Anyone who’s ever thought Woody Harrelson would be a good president will get their wish with this biopic about Lyndon B. Johnson. The drama focuses primarily on the days following the assassination of John F. Kennedy, when the Texan was thrust into the highest office. Here’s hoping Woody will have better luck than Bill Murray, whose FDR biopic Hyde Park on Hudson fizzled at Toronto four years ago.
The Magnificent Seven
Antoine Fuqua’s reimagining of the classic 1960 Western is a bona fide Training Day reunion, with Denzel Washington and Ethan Hawke ready to settle some scores. Joining them in the gun-slinging are Chris Pratt, Vincent D’Onofrio, Byung-hun Lee, Manuel Garcia-Rulfo, and Martin Sensmeier.
Watch a Magnificent Seven trailer:
For his first film in 10 years, director Christopher Guest revives a character he originated two decades ago in Waiting for Guffman: Corky St. Clair, the finest musical theater director in Blaine, Mo. With a few notable exceptions, many of Guest’s regular troupe are back — including Parker Posey, Fred Willard, and Bob Balaban — for this mockumentary about the high-stakes world of sports team mascots.
Message From the King
Now the world’s most famous Wakandan, Chadwick Boseman, plays a South African in this dark thriller from Belgian helmer Fabrice Du Welz. Like T’Challa, Boseman’s Jacob King is bent on revenge as he turns up in Los Angeles and attempts to hunt down his sister’s murderer.
A Monster Calls
You can bet the tears will be flowing at this premiere. The Impossible director, J.A. Bayona, presents this artful adaptation of Patrick Ness’s award-winning book about a young boy (Lewis MacDougall) who’s visited by a storytelling beast (voiced by Liam Neeson) as his mother (Felicity Jones) succumbs to a terminal illness. And if you want to cry some more, read the book’s backstory.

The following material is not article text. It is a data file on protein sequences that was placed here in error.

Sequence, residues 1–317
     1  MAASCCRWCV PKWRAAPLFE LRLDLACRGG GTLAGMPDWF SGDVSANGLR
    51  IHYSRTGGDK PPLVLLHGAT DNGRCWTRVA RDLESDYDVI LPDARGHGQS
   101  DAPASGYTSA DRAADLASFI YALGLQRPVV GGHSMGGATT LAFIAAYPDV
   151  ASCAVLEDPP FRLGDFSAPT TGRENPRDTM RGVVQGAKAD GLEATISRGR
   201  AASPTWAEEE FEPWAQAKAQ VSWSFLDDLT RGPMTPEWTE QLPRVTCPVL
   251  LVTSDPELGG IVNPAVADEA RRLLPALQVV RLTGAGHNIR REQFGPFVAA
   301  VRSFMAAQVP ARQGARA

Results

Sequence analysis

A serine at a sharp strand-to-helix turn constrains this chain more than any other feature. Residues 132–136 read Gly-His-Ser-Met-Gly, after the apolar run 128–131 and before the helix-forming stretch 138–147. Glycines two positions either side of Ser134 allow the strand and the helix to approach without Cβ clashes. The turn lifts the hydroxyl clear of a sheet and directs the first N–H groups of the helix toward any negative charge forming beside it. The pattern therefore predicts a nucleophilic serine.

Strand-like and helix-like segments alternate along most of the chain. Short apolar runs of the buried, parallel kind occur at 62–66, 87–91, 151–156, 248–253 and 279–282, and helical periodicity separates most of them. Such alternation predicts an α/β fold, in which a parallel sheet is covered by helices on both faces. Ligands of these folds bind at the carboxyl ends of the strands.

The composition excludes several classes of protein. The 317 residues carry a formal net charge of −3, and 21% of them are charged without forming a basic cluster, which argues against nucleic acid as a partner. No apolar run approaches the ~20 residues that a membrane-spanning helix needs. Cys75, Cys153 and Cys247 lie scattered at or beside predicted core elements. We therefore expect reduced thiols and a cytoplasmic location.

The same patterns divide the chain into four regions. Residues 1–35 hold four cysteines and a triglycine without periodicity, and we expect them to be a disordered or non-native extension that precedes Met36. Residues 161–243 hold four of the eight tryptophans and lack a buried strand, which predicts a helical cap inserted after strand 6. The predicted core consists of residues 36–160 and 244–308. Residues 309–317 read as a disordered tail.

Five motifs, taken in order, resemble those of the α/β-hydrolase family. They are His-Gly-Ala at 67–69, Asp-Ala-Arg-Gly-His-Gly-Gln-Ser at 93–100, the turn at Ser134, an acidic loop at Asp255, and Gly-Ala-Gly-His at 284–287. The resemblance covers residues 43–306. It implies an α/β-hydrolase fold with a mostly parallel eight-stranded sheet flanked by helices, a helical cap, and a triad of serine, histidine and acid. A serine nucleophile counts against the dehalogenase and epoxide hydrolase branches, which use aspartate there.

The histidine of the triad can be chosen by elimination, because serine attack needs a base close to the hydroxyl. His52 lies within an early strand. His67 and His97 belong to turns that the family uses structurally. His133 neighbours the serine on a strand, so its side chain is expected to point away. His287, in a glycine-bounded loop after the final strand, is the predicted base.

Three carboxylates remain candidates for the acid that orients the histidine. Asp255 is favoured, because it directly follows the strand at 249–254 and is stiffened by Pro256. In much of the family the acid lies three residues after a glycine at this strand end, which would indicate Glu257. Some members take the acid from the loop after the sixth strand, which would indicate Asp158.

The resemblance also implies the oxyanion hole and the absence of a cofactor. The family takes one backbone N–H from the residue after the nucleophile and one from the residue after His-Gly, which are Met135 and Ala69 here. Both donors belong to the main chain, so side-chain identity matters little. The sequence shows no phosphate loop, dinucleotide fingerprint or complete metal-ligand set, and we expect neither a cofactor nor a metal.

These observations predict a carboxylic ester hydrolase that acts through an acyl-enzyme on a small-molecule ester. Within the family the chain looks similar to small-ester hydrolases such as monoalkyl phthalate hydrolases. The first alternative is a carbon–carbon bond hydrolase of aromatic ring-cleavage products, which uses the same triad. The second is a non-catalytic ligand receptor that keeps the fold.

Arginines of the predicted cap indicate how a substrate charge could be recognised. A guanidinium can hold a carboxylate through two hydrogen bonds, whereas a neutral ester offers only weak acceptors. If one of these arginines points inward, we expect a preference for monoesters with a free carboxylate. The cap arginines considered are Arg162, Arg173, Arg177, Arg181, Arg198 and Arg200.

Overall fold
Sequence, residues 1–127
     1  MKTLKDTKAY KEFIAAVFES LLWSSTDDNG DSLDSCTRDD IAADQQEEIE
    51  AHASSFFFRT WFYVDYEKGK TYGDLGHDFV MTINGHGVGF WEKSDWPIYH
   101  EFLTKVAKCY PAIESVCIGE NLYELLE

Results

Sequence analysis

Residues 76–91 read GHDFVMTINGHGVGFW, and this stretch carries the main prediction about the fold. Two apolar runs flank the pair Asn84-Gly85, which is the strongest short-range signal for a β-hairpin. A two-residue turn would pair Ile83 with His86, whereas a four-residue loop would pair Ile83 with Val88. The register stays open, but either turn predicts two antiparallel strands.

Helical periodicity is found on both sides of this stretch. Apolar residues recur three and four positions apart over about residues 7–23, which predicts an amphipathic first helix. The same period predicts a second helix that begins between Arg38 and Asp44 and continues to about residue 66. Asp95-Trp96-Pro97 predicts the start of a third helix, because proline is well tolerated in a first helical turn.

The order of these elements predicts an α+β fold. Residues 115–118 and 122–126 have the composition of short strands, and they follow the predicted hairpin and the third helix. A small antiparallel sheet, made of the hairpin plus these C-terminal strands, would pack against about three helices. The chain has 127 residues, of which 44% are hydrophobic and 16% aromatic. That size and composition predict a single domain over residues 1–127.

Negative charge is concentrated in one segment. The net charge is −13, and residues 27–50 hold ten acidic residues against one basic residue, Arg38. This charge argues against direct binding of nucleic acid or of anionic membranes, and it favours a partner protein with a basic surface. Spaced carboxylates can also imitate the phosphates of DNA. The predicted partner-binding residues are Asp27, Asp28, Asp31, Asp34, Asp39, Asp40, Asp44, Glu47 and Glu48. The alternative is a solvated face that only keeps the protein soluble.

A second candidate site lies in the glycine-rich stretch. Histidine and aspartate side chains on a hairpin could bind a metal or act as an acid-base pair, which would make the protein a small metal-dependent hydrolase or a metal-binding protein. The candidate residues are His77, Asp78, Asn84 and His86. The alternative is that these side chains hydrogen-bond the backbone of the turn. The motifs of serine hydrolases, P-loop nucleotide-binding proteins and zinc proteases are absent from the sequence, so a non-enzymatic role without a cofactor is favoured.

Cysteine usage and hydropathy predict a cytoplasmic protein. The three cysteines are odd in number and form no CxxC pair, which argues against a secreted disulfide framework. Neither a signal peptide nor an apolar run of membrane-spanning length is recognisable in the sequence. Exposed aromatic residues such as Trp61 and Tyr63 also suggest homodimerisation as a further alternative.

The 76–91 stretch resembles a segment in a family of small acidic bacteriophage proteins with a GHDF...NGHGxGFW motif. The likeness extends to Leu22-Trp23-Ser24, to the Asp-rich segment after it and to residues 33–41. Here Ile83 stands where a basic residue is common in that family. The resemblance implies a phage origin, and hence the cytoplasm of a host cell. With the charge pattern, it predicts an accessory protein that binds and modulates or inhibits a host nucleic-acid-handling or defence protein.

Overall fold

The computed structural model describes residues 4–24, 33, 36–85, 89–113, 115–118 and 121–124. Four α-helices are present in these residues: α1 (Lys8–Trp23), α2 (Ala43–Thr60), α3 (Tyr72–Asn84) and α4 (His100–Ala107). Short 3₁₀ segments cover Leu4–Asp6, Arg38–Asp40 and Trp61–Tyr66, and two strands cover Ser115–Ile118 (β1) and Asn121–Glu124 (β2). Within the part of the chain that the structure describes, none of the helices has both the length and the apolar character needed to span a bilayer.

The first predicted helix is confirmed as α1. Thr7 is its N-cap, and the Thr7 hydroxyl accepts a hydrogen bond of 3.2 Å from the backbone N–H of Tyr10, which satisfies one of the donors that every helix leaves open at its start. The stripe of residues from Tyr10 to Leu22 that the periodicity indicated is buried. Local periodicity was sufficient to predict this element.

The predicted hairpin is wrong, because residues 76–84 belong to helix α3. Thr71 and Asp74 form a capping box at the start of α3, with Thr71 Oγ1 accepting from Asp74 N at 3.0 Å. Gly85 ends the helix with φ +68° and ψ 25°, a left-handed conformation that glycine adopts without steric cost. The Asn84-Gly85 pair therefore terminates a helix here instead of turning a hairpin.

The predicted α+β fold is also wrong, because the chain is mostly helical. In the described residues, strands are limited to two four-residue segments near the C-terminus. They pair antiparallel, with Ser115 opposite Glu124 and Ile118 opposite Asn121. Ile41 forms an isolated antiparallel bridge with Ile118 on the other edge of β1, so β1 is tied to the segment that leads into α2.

My Entire High School Is Sinking Into the Sea
An all-star cast provides the voices for comic-book artist Dash Shaw’s strikingly illustrated version of a high school story. After an earthquake sends Tides High sliding into the big blue sea, the marooned student body — who sound an awful lot like Jason Schwartzman, Reggie Watts, Maya Rudolph, and Lena Dunham, among others — struggles to survive the elements, not to mention one another.
The Dark Knight vs. Poe Dameron in a love triangle? That’s enough to pique our curiosity about this period drama directed by Terry George (Hotel Rwanda) set during World War I and during the last days of the Ottoman Empire. It’s there that Oscar Isaac’s medical student and Christian Bale’s journalist both try to woo Charlotte Le Bon’s very lucky artist.
Queen of Katwe
Oscar winner Lupita Nyong’o and acclaimed director Mira Nair (The Namesake) join forces for what we’re hoping will be the best chess movie since Searching for Bobby Fischer. In her first feature film role, Madina Nalwanga plays Phiona Mutesi, whose path to greatness begins when a missionary (David Oyelowo) in a poverty-stricken Ugandan town discovers her skill at the game. But first, he’s got to convince her indomitable mother (Nyong’o) that chess could take Phiona straight outta Katwe.
The one-two punch of The Warriors and 48 Hrs. is enough to enshrine Walter Hill’s name in Hollywood’s action movie Hall of Fame. The director is coming to Toronto with this new thriller about a surgeon (Sigourney Weaver) who forcibly turns hitman Frank Kitchen into a woman (Michelle Rodriguez). It’s a wild-sounding premise that has already raised the hackles of LGBT activists, who are concerned about the movie’s use of gender-reassignment surgery as a “sensationalistic plot device.”
Music video titan Garth Jennings has been in feature film jail since his first two features, The Hitchhiker’s Guide to the Galaxy and Son of Rambow, were met with undeserved shrugs by audiences. But he may finally have a hit on his hands with Illumination Entertainment’s follow-up to its summer cartoon blockbuster, The Secret Life of Pets. As the title implies, these talking animals don’t just crack wise — they also sing their hearts out, belting such radio staples as “Firework” and “Anaconda.”
Watch a Sing trailer:
Fans of this year’s breakout indie, The Witch, and other atmospheric scarefests should be on the lookout for this eco-horror movie from first-time Irish filmmaker Lorcan Finnegan. The trailer makes it unclear what exactly is haunting the dense forest a land surveyor (Alan McKenna) is dispatched to, but it’s safe to say it’s the stuff of potential nightmares.
The award for strangest premise at Toronto goes to this Russian drama about a middle-aged zoo worker named Natasha (Natalya Pavlenkova) who inexplicably grows a tail. Will she use it to exact revenge on those her taunt her? Will it lead to her sexual awakening? Will things generally get super-awkward? That’s the fun in discovering this highly original import.